The Little-Known Challenges of Handling Success
The Little-Known Challenges of Handling Success
The following is adapted from Silver Spoon: The Imperfect Guide to Success.
I’ve played football professionally and experienced a level of success that many people dream of emulating. I caught Peyton Manning’s last pass in the NFL, scoring points that all-but-secured victory for the Denver Broncos in Super Bowl 50.
What have I learned about success? I’ve learned that what matters is what comes next.
It would have been easy for me to decide that I’d hit a career pinnacle and start to coast. It sure was tempting to do that. But I understood that as soon as I stopped working, my performance would begin to go downhill.
How do you handle success? Your response to the peaks in your life will play a key role in determining what happens next. Will you climb higher, or will you start to slide down the other side of the mountain?
A Story of Hubris
In high school, I was more passionate about basketball than I was about football. Every year my team was in the mix for the state championship.
The composition of the team in my sophomore year was a great bunch of guys. On paper, we weren’t as talented as some of the other teams in the state. But we had an edge because we ignored what was supposed to happen and focused solely on the games—on what we could do, even if we were the only ones who saw it.
What happened? State champions! That’s right! We had a taste of success. Unfortunately, we didn’t handle it as well as we could have done.
The teams in my junior and senior years were even deeper and had more-talented players than our previous squad. In my senior year, we weren’t just the best team in Michigan—we were ranked fourth in the nation, ahead of perennial powerhouse Oak Hill Academy. People expected great things from us. We were taller. Faster. More athletic. And we knew it.
But other teams came ready for us. Although they’d heard the hype, it didn’t seem to affect them. We believed the hype, and it did affect us. It was a total role reversal from the previous season.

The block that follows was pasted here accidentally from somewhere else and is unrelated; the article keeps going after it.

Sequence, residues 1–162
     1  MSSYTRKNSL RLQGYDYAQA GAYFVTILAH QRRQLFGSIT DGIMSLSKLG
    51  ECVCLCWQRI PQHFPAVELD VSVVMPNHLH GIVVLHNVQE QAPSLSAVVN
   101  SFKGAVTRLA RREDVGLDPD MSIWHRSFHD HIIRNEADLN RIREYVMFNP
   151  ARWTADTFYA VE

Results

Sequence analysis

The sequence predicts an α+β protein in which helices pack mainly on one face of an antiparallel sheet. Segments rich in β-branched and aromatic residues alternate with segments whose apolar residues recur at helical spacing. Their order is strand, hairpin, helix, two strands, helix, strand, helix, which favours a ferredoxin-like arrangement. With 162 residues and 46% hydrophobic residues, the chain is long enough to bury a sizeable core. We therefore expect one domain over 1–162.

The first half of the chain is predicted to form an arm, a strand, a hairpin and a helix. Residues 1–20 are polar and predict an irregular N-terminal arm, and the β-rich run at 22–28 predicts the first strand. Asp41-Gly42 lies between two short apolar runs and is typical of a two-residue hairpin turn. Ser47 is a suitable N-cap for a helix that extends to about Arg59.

Every team we played that year came in laser-focused and well-prepared. They’d had their games with us circled on the calendar for months, and I’m sure some of them had trained and practiced all year with the idea of beating us.
As a result, we ran into teams that worked harder than us—who prepared better than we did. Never mind the national rankings—we didn’t even win the state championship in either of those years.
Finding success is one thing, but it is only half the thing. The other half, the more critical part, is learning how to handle that success. We didn’t, and we paid for it.
Bill Belichick’s Attitude to Success
Bill Belichick is one of the most successful coaches the NFL has ever seen. For years, his Patriots, led by quarterback Tom Brady, have been the first name on everyone’s lips when discussing potential Super Bowl champions.
Very few people in the modern game know more about success than Belichick. How does he respond when his team does well? Watch carefully and you’ll see that he rarely celebrates a touchdown. Some coaches are pumping their fists or dancing down the sideline, but Belichick is more likely to pull out his notes and start writing something down. He looks worried, even when the Patriots are extending a lead.
Why is that? “I’m happy when we score,” he explained after a 2017 game against Miami that New England won 43–0. “But there’s a decision that has to be made on the next play and the play after that and then the next series. A big part of my job is planning ahead for the next situation.”
That explains a lot. People like Belichick do not let success go to their heads. They are not content with the status quo. In their minds, there is always something more to achieve, another opportunity to get better.
Learn from the Pros
Success is a beautiful thing, and I’m not saying you shouldn’t allow yourself to enjoy it. You should. If you can afford to buy your mom a new house, like my friend Draymond Green did, do it. Take private jets to vacation destinations, if that’s your thing. Hire a chef. You’ve worked hard to earn your success, so enjoy the benefits.
Keep in mind, though, that success—and how you respond to it—is going to reveal to the world who you really are. Just as times of adversity can be a measure of our character, so can times of prosperity. Despite your fame and achievements, do you continue to live with humility?
Do you continue to nurture your mind and body? Do you strive to live a life of purpose and help others? Do you have the courage to continue to challenge yourself? Do you continue in the journey?
Success is great, but it’s what you do after you’ve succeeded that will define you.
For more advice on handling success, you can find Silver Spoon: The Imperfect Guide to Success on Amazon.
Bennie Fowler is a six-year veteran of the NFL. He began his career as an undrafted free agent signed by the Broncos in 2014. He spent four years with the Broncos and was a member of the Super Bowl 50 championship team in 2016. Bennie played college football at Michigan State University, where he was a member of the 2014 Rose Bowl championship team. Bennie holds the annual Bennie Fowler youth football camp in Detroit, Michigan, is an in-demand speaker trained through the NFL Speakers Bureau, and lives in Denver during the offseason.